A durbar has been held at the Manhyia Palace in Kumasi to climax the Akwasidae Kese, coinciding with the 17th year of the ascension of the Asantehene, Otumfuo Osei Tutu II, to the Golden Stool.
The event was graced by President John Mahama, and other local and foreign dignitaries.
In a colourful ceremony, Otumfuo Osei Tutu II arrived at the durbar in a palanquin, with his horn blowers in tow, while drums beat to sing his praises.
Born Barima Kwaku Dua, the Ashanti monarch is the youngest son of his mother, Asantehemaa Nana Afua Kobi Serwaa Ampem II.
He was made king on April 26, 1999, succeeding Otumfuo Opoku Ware II, thus becoming the 16th ruler of the Asante kingdom.
A thanksgiving service, with the King and the royal family in attendance, was held at the St. Cyprian’s Anglican Church on April 26 as part of activities to mark the special occasion.
CHIEFS SHOULD NOT MEDDLE IN PARTISAN POLITICS
Otumfuo Osei Tutu the second is asking chiefs to desist from openly declaring their support for political parties ahead of the November polls.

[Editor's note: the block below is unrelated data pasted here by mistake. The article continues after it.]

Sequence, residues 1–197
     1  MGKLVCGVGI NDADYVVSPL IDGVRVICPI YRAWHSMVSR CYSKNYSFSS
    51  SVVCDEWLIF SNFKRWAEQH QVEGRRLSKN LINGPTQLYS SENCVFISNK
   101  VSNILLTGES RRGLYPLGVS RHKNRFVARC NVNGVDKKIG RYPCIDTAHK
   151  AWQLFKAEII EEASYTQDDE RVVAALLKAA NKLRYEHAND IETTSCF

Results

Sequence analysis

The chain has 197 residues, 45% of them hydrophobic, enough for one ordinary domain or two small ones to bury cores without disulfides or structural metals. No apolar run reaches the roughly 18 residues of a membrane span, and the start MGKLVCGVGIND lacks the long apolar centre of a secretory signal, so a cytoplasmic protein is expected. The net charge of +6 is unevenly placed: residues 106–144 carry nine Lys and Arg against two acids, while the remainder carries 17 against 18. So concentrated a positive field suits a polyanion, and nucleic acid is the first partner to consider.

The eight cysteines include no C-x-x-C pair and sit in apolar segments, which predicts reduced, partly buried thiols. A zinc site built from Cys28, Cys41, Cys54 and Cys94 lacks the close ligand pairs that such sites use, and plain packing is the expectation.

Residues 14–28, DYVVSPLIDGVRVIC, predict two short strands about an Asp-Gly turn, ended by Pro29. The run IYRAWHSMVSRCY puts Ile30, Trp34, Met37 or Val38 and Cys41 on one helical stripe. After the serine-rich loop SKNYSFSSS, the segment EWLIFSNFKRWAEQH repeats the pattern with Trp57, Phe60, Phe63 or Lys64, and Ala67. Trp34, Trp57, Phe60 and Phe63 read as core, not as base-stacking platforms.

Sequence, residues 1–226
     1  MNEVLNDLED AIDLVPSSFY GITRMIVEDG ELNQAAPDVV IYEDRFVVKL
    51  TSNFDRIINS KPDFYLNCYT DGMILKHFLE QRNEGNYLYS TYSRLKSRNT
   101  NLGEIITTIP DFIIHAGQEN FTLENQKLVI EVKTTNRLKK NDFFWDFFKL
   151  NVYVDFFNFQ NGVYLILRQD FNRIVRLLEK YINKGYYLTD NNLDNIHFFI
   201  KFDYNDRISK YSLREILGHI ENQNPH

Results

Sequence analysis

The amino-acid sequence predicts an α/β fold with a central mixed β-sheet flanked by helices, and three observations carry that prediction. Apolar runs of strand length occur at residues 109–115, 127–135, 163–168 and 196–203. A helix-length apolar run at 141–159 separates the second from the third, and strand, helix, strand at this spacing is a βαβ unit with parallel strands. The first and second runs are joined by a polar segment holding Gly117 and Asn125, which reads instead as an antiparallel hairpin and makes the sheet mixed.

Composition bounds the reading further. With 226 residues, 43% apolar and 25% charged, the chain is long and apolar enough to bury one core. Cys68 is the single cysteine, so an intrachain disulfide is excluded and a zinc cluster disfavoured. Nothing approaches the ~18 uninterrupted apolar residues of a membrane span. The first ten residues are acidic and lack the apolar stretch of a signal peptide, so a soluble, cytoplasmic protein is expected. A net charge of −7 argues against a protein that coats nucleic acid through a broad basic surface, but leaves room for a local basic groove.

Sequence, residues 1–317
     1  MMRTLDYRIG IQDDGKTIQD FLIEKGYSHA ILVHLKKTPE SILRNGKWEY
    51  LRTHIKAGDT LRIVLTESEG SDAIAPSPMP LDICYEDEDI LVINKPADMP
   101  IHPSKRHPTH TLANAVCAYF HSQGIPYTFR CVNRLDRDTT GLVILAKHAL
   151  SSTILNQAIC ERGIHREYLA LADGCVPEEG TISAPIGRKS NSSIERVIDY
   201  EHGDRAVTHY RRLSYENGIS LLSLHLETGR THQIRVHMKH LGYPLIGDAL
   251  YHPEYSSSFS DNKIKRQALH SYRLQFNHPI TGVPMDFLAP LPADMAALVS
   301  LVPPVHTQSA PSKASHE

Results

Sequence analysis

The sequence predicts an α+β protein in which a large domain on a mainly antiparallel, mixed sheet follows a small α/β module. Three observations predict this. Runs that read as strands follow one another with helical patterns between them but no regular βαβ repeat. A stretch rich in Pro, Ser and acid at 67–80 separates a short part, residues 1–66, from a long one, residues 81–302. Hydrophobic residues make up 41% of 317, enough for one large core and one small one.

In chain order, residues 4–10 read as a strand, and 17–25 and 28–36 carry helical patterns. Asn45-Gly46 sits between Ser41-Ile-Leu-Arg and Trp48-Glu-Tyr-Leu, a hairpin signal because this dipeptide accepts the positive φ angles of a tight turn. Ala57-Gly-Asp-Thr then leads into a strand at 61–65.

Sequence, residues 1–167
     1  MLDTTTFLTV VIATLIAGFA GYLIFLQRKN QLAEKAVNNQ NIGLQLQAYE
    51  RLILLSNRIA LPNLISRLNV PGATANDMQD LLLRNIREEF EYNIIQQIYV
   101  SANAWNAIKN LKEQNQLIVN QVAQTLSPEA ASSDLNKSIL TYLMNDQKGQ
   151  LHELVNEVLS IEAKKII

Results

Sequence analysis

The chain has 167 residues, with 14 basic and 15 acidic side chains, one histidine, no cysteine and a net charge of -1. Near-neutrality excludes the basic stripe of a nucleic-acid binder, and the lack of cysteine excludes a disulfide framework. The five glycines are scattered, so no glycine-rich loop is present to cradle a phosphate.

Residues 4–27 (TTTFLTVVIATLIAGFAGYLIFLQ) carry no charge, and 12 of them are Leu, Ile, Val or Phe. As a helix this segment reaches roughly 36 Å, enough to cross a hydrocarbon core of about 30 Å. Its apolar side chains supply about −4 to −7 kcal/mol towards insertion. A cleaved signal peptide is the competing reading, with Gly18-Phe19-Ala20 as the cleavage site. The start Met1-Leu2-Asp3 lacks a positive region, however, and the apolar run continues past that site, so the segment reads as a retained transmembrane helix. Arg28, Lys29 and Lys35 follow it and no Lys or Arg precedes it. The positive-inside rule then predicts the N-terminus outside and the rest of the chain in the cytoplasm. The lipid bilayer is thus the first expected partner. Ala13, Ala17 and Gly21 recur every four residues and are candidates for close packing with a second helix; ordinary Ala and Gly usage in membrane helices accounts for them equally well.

The Asantehene warned of dire consequences for chiefs who continually meddle in partisan politics.
Otumfuo Osei Tutu says chiefs who meddle in partisan politics are faced with challenges in their administration of the people who belong to different political parties.
According to him, traditional rulers have a responsibility to protect the sanctity of chieftaincy institution by remaining neutral in their dealings with politicians.
Then young Barima Kwaku Duah ascended the Golden Stool in 1999 to succeed the late Asantehene, Otumfuo Opoku Ware the second.
Sunday’s event was attended by chiefs, government officials and representatives of various political parties.
President John Mahama in his address commended Asanteman and the Asantehene for his leadership role.
“Asanteman remains an important partner in Ghana’s transformation into a fully fledged middle income country. I will continue to work hard to sustain the peace and security and peaceful co-existence of our people and our institutions including the chieftaincy institution before during and after the elections”.
President Mahama has pledged the support of government to protect and preserve chieftaincy.
“We shall neither create nor countenance the creation of fertile grounds for the usurpation of powers of any chief or king”.
On security, the president assured the security agencies will continue to carry out their duties professionally to ensure the peace and security for all and also pledged to everything in his power to ensure a peaceful election to consolidate Ghana as the most stable democracy in Africa.